the National Union of People's Lawyers (NUPL) and the Union of People's Lawyers in Mindanao (UPLM), have blocked mining operations, even filing legal cases up to the Philippine Supreme Court. People's
lawyers continue to work to stop the attempt of mining companies and the Philippine state to criminalize anti-mining protests.
A broad anti-mining advocacy group is the Alyansa Tigil Mina (ATM). This alliance has linked local groups with national organizations like the Kalikasan-Philippine Network for the Environment. National peasant federations like the Kilusang Magbubukid ng Pilipinas (KMP) and the Unyon ng Manggagawa sa Agrikultura (UMA) have consistently resisted the Philippine Mining Act. Lastly, there is the anti-neoliberalism alliance, the Movement Against Mining TNCs and Plunder of Resources.
The book assesses with facts, figures and photographs how the Philippine Mining Act for the past 20 years since its passage (1995-2015) has only become a tool for the legitimization of environmental plunder, land-grabbing, human rights violations and the loss of traditional livelihoods of indigenous peoples, farmers and fishermen.
Active mass resistance is not the only activity of the opposition to mining in the Philippines. Engaging in exploring alternatives to mining is as important. Indigenous communities are raising their awareness on their rights, designing and implementing their own development paths, engaging in community participatory mapping and resource inventories, exploring participatory tools measuring the extent of implementation of legal instruments, using traditional knowledge systems, waging campaigns and strengthening their movements at all levels.
The book UNDERMINING PATRIMONY is by itself a concretization of some of the tools of resistance against mining developed through experience and practice in the Philippines. They are the following:
1. Research, popularization, and human rights monitoring and documentation in communities threatened and/or affected by large-scale mining operations.
2. Capacity-building for impoverished and marginalized sections of the population to enable them to defend their rights in the name of survival as indigenous communities.
3. Strong technical collaboration and linkages among environmental scientists and affected communities, in order to expose the destructive effects of mining on the health of the people and the
4. Coordinated legal suits and actions to stop industrial mining plunder.
5. Forming active networks for research on corporate and financial aspects of mining.
It is also imperative for communities and their support groups to share each other's experiences of resistance and struggle. Active networks for research on corporate and financial aspects of mining are needed while legal suits and actions to stop industrial mining plunder are being coordinated. It is now also being realized that they need to support the development of global mechanisms made available by the UN and European Union that one can use to hold governments and corporations accountable.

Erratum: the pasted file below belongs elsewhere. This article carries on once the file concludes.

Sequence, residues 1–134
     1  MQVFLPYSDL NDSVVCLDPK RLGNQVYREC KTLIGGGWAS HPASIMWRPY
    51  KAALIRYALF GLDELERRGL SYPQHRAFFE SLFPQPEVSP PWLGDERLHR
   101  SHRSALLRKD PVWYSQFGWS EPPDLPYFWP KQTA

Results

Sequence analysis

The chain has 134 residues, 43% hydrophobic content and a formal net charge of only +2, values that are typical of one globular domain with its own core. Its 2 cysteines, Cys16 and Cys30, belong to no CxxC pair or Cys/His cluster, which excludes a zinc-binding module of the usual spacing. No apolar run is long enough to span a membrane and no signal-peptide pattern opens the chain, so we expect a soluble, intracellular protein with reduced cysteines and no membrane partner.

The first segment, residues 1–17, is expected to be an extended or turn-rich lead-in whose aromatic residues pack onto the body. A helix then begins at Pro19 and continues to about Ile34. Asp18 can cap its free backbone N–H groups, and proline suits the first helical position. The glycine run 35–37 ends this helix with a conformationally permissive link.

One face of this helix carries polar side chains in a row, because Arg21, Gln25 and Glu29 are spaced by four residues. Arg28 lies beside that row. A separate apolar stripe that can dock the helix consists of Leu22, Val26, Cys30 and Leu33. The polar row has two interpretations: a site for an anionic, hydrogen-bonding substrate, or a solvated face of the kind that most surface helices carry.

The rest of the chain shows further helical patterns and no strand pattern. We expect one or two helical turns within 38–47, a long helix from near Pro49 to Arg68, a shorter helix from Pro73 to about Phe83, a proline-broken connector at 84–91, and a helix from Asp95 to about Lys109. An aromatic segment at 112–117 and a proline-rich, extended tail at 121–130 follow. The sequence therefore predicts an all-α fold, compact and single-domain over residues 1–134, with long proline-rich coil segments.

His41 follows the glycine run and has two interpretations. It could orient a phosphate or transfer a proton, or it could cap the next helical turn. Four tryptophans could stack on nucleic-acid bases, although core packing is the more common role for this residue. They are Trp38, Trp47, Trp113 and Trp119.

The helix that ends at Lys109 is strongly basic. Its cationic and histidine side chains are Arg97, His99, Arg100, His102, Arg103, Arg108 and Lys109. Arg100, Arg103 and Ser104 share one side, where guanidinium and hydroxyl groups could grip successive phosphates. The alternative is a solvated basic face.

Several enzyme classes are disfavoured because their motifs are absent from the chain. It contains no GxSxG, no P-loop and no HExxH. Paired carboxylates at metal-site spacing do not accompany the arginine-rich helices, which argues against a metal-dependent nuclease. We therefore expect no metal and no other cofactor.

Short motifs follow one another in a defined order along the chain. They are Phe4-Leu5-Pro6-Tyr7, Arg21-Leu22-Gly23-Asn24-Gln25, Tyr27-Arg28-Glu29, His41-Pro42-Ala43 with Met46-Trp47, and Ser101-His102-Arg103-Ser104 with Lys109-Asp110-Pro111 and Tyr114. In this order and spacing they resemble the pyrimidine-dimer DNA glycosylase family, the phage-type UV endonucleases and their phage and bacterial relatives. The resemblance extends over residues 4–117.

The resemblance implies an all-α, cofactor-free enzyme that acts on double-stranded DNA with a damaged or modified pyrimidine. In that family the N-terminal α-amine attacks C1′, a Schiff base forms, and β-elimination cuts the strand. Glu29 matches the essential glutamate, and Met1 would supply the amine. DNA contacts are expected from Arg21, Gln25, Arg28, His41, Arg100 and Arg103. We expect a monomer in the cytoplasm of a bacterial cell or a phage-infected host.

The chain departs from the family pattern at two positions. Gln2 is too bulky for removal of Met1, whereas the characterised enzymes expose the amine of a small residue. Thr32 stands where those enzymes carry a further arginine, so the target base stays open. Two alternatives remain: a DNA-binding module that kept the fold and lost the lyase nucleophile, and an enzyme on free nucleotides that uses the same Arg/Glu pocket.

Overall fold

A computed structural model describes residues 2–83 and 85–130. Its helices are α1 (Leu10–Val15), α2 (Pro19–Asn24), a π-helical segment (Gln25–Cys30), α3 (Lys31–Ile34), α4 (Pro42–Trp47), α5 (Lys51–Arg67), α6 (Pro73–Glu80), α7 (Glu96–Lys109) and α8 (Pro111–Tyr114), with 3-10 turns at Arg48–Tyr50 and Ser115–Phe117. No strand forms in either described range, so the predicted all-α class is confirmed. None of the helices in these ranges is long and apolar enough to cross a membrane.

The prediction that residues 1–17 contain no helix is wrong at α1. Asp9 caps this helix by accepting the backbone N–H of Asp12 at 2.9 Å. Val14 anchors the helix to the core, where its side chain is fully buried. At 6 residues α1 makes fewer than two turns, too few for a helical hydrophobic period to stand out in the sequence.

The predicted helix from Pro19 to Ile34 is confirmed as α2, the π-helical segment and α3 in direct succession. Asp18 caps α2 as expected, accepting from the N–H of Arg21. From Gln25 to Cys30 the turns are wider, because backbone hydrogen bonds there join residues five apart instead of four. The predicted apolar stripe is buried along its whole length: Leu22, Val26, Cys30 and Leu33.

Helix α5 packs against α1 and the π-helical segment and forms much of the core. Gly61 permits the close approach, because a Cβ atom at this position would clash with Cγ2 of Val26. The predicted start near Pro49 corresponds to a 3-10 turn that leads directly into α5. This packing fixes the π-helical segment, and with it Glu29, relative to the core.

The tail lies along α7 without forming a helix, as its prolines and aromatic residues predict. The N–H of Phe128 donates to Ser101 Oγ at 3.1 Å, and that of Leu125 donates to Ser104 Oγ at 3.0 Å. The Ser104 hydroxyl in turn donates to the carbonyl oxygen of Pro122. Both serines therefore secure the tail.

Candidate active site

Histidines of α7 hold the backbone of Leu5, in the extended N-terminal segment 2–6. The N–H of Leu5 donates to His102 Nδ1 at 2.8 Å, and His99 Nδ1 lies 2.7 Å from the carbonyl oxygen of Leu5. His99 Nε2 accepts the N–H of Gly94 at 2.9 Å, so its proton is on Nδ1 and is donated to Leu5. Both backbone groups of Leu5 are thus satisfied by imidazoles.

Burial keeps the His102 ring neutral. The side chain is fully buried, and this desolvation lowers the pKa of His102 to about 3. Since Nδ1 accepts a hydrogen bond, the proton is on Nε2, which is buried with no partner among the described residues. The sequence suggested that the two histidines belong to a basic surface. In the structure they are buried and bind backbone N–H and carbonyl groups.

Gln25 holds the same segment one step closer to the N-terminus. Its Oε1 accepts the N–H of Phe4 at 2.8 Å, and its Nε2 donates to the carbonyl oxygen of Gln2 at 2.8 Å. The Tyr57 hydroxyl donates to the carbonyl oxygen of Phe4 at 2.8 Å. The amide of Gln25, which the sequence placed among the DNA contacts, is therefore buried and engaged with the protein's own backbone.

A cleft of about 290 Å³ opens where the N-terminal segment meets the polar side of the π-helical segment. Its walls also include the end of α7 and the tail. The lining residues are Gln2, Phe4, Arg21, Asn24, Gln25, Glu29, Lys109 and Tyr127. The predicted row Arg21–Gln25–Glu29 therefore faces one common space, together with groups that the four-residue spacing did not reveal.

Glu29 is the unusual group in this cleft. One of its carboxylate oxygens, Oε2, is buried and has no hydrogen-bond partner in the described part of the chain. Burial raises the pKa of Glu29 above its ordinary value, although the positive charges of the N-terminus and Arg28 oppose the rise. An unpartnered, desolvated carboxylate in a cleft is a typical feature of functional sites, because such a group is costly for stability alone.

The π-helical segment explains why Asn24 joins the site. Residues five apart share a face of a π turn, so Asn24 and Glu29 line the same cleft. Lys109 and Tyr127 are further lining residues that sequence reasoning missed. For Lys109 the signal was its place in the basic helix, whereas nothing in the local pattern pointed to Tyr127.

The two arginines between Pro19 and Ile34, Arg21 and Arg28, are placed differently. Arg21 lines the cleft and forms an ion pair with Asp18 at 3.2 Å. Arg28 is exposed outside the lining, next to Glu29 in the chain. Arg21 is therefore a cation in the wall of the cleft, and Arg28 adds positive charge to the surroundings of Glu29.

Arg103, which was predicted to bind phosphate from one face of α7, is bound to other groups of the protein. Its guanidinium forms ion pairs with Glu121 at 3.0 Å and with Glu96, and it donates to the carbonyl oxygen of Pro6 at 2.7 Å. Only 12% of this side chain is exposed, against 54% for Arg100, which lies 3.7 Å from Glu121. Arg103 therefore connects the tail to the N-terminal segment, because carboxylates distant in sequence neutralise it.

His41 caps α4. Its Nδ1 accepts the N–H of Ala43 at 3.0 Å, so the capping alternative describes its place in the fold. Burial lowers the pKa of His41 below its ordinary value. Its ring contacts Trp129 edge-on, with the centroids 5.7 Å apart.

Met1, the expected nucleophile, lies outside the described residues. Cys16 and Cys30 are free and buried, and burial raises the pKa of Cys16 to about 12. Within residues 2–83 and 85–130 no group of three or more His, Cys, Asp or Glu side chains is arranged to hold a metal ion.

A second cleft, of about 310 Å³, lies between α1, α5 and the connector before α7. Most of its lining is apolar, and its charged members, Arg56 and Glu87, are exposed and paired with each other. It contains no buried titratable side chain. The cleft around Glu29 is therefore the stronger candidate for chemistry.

The Catholic Bishops Conference of the Philippines (CBCP) has asked for the repeal of the Philippine Mining Act, citing "the devastating effects and adverse social impacts of mining that will destroy both environment and people." The Mining Act, it said, "destroys life." The Philippine churches' anti-mining campaigns are anchored on the belief that resistance to mining is a "defense of creation". The churches have consistently given support to indigenous peoples' anti-mining struggles. It has facilitated Fact-Finding Missions on human rights violations and militarization in indigenous peoples' communities. It has mobilized for Lakbayan Peoples' Marches to highlight the plight of the indigenous peoples and their struggle against mining. Truly, when local communities struggling for life against mining get together and become more connected, they become a strong national force.
Armed Defense of Ancestral Lands
The violence inflicted by the state thru its military and paramilitary units against peaceful, legal and open resistance to mining in the hinterlands have only pushed many indigenous peoples and farmers into resorting to armed defense of their ancestral lands. The Armed Forces of the Philippines (AFP) claims that more than 70% of the members of the New People's Army (NPA) rebels in Mindanao are from the Lumad tribes. But in fact, the Philippine military has by its actions, become the Number One recruiter of the NPAs coming from the Lumads. It is the mining companies and the militarization of their communities that have pushed Lumads into armed resistance. The situation has become so fertile for the NPA -- increasingly regarded by many as the genuine army of the poor -- that the longest-existing guerrilla army in the world has joined the Lumad and farmer communities in resisting mining companies and operations. The situation has become a fertile ground for extra-legal operations by NPA units, such as the destruction of mining equipment. In one incident, 50 container vans of the Tampakan mining project in Mindanao were burned by the NPA.